Kenyan Lawmakers Warn Obama to ‘Keep Off the Gay Agenda’ During Visit

Kenyan Lawmakers Warn Obama to ‘Keep Off the Gay Agenda’ During Visit

Members of various Christian groups march during a protest against gay and same sex unions in Nairobi, Kenya, Monday, July 6, 2015. A demonstration against homosexuality in Kenya has fizzled after attracting only a handful of protesters. The demonstration by about 35 people Monday was called by the Evangelical Alliance of Kenya and timed to coincide with the visit later this month of U.S. President Barack Obama. The group is calling on Obama not to advocate for gay rights during his visit to Africa July 24-28. (AP Photo/ Khalil Senosi)
Members of various Christian groups march during a protest against gay and same sex unions in Nairobi, Kenya, Monday, July 6, 2015. A demonstration against homosexuality in Kenya has fizzled after attracting only a handful of protesters. The demonstration by about 35 people on July 6 was called by the Evangelical Alliance of Kenya and timed to coincide with the visit later this month of U.S. President Barack Obama. The group is calling on Obama not to advocate for gay rights during his visit to Africa July 24-28. (AP Photo/ Khalil Senosi)

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Five Kenyan lawmakers have threatened to eject President Barack Obama from Parliament if he tries to lecture them about same-sex marriage during his upcoming visit.

Member of Parliament Cecily Mbarire also urged the government to reject any aid if it was tied to legalizing gay weddings.

Mbarire, who is an ordained cannon of the Anglican Church of Kenya, said allowing gay marriages would open “floodgates of evil synonymous with the biblical Sodom and Gomorra.” She urged Obama to exercise restraint and address only issues of benefit to the country, such as the state of the economy and terrorism.

“Liberal thoughts are being entertained in some countries under the guise of human rights,” said National Assembly Speaker Justin Muturi. “We must be vigilant and guard against [gay marriages]. We must lead an upright society … we have a responsibility to protect our children.”

Bishop Mark Kariuki, Kiharu MP Irungu Kang’ata and members of the Kenya Christian Professionals Forum also asked Obama “to keep off the gay agenda.”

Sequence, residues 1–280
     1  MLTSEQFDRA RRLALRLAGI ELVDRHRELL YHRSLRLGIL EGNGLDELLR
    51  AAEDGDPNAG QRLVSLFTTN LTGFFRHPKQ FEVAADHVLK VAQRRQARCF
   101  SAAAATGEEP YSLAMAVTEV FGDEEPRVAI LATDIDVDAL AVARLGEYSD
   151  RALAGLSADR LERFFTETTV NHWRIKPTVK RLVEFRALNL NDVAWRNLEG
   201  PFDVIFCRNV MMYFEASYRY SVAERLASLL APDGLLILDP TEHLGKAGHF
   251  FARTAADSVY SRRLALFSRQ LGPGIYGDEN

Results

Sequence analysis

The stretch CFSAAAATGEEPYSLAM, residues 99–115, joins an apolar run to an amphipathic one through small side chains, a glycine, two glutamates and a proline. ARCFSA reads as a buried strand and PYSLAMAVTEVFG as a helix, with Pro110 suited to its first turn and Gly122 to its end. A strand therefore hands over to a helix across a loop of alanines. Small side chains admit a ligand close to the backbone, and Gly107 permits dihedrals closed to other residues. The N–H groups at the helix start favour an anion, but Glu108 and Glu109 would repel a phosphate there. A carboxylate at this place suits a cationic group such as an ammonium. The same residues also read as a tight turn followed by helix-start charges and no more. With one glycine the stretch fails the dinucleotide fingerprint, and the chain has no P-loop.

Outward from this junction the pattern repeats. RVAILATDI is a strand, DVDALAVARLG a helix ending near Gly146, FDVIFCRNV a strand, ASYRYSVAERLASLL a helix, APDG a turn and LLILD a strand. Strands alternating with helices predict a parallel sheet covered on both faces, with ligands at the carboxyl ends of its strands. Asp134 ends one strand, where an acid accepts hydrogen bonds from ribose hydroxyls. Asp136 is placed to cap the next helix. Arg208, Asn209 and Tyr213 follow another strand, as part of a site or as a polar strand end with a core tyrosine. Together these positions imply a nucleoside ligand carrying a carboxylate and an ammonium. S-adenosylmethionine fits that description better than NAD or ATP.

But social media carried a different tone on the subject. Writing on the webpage of Kenya’s Daily Nation, readers listed corruption, poverty and terrorism as their major concerns.

“The same people who are so vocal on anti-gays have nothing to say about building enough schools and educating children from poor families,” commented “Simba,” among 76 commenters.

“The Speaker’s utterance is tantamount to inciting [people] against the state guest,” wrote “Barshi.” “Way forward: Listen to President Obama, but decide your path. Period.”

Martin Mugambi Kaburu Njue added, “No mention of the huge salaries you continue to enjoy while Kenyans languish in poverty and children die of hunger … Only you fat cats can refuse aid as you are at the apex of the food chain. Go explain to the dying child that they will not get the new hospital because two women or two men chose to love each other. The day you will decide to deal with the real issues affecting Kenya is the day you will deserve to be called leaders. Until then, you are charlatans trying to hoodwink Kenyans with non-issues.”

Obama is set to visit Kenya at the end of July to open the Global Entrepreneurship Summit.

Although Obama is not scheduled to tour the country, the table is already being set for him in the small village of Kogelo in western Kenya, home to a number of the president’s relatives

Mama Sarah, the third wife of Obama’s paternal grandfather, promised to cook a traditional meal for her grandson when he visits the East African nation, the birthplace of his father.

After Kenya, Obama will travel to Ethiopia, where he will become the first sitting American leader to visit the capital, Addis Ababa.